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Colorado Could Better Ensure That Nursing Homes Comply With Federal Requirements for Life Safety, Emergency Preparedness, and Infection Control

Why OIG Did This Audit

In 2016, the Centers for Medicare & Medicaid Services (CMS) updated its life safety and emergency preparedness regulations related to health care facilities to improve protections for all individuals enrolled in Medicare and Medicaid, including those residing in long-term care facilities (nursing homes). The updates expanded requirements related to sprinkler systems, smoke detector coverage, and emergency preparedness plans. Additionally, facilities were required to implement an infection control program.

Our objective was to determine whether Colorado ensured that selected nursing homes in Colorado that participated in the Medicare or Medicaid programs complied with Federal requirements for life safety, emergency preparedness, and infection control.

How OIG Did This Audit

Of the 219 nursing homes in Colorado that participated in the Medicare or Medicaid programs, we selected a nonstatistical sample of 20 nursing homes for our audit based on location and certain risk factors, including multiple high-risk deficiencies that Colorado reported to CMS.

We conducted unannounced site visits at the 20 nursing homes from September through November 2022. During the site visits, we checked for life safety, emergency preparedness, and infection control deficiencies.

What OIG Found

Colorado could better ensure that nursing homes in Colorado that participated in the Medicare or Medicaid programs comply with Federal requirements for life safety, emergency preparedness, and infection control. During our onsite visits, we identified deficiencies related to life safety, emergency preparedness, or infection control at all 20 nursing homes that we audited, totaling 556 deficiencies. Specifically, we identified 165 deficiencies related to life safety requirements, 210 deficiencies related to emergency preparedness requirements, and 181 deficiencies related to infection control requirements. As a result, the health and safety of residents, staff, and visitors at the 20 nursing homes are at an increased risk during a fire or other emergency, or in the event of an infectious disease outbreak.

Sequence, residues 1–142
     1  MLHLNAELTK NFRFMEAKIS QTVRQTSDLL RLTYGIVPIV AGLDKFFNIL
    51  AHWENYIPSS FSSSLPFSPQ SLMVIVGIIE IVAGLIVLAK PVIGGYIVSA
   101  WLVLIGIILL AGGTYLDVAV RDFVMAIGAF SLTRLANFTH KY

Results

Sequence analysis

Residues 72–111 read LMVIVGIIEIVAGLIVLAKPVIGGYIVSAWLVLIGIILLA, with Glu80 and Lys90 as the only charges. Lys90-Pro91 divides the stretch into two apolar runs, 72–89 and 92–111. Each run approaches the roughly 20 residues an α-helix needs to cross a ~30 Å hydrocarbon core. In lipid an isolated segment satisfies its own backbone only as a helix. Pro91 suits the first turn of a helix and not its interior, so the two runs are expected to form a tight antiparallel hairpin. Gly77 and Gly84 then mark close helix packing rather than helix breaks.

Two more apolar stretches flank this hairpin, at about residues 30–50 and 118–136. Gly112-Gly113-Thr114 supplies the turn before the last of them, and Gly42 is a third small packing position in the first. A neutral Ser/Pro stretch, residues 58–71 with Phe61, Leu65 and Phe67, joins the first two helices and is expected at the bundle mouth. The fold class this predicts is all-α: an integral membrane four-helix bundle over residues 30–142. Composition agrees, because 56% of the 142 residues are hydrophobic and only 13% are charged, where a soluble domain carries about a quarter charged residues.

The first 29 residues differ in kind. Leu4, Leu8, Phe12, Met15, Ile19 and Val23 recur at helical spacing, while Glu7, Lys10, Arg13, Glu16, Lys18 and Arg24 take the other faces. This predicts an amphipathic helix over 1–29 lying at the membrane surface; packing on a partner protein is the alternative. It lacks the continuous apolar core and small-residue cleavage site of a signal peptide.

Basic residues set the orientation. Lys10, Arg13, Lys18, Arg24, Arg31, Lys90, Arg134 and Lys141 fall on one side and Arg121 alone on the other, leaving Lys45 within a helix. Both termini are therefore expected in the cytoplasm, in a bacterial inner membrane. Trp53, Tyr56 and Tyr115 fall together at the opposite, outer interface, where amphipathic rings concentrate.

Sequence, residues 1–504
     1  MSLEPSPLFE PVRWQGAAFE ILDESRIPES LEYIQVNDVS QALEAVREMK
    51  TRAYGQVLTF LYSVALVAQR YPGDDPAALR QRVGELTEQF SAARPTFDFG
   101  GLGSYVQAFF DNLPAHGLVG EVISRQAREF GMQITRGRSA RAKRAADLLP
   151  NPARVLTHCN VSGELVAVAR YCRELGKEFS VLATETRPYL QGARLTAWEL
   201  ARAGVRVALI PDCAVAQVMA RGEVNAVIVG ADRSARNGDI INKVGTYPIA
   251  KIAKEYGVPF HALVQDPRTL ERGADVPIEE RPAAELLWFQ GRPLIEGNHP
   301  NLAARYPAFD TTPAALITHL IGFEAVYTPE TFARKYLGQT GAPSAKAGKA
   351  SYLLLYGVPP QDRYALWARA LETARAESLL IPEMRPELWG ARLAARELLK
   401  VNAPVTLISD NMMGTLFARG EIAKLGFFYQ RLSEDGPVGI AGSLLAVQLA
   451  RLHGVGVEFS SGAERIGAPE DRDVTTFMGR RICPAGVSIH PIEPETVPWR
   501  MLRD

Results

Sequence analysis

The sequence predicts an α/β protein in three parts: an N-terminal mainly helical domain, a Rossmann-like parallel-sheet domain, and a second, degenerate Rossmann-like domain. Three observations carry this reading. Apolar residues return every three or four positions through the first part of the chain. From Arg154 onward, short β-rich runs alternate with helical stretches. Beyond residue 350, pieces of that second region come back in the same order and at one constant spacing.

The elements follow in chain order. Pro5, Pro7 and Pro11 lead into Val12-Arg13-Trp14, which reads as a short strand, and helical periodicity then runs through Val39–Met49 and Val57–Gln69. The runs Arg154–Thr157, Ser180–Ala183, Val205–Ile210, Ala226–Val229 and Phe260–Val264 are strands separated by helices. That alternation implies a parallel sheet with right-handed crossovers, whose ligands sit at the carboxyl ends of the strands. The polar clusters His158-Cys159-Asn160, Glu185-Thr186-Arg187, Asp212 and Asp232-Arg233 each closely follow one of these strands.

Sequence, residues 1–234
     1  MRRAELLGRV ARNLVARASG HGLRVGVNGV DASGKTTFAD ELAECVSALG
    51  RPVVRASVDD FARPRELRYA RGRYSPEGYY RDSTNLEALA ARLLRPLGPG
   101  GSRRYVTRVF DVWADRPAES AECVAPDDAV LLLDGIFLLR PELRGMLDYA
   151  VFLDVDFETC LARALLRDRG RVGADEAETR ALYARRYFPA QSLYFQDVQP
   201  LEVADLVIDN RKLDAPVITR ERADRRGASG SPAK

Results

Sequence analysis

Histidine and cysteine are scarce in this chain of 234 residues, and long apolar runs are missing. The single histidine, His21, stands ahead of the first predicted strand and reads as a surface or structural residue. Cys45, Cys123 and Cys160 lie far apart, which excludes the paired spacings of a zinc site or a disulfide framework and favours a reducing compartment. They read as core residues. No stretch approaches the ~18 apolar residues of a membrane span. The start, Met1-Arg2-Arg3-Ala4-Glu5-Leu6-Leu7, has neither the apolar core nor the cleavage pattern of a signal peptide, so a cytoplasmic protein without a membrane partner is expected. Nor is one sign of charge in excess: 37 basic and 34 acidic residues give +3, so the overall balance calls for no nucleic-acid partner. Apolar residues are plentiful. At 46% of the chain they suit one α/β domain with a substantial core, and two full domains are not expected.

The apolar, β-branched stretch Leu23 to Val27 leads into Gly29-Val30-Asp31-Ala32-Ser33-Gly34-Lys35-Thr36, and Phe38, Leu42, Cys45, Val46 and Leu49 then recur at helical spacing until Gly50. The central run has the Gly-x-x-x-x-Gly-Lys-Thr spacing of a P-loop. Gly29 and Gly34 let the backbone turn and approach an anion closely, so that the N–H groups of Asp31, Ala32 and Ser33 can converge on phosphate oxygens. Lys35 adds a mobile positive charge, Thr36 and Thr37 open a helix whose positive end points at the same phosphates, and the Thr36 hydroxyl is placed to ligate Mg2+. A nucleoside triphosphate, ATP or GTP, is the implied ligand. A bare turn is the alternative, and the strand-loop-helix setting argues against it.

The identified deficiencies occurred because of inadequate oversight by Colorado and by nursing home management, frequent management and staff turnover at the nursing homes, inadequate oversight by the State survey agency, and frequent State survey agency staff turnover. In addition, the State survey agency had limited resources to conduct surveys of all nursing homes, including those with a history of multiple high-risk deficiencies, more frequently than was required by CMS. Finally, although not required by CMS, Colorado does not require relevant nursing home staff to participate in standardized life safety training programs despite CMS having a publicly accessible online learning portal with appropriate content.

What OIG Recommends and Colorado Comments

We recommend that Colorado follow up with the 20 nursing homes reviewed in this audit to ensure that corrective actions have been taken regarding the life safety, emergency preparedness, and infection control deficiencies we identified; work with CMS to develop a risk-based approach to identify nursing homes at which surveys would be conducted more frequently, such as those with a history of multiple high-risk deficiencies or frequent management turnover; and work with CMS to develop standardized life safety training for nursing home staff.

Colorado concurred with our first recommendation and described corrective actions it would take. Colorado did not concur with our second recommendation and neither concurred nor nonconcurred with our third recommendation. We maintain that our findings and recommendations are valid.

Filed under: Centers for Medicare and Medicaid Services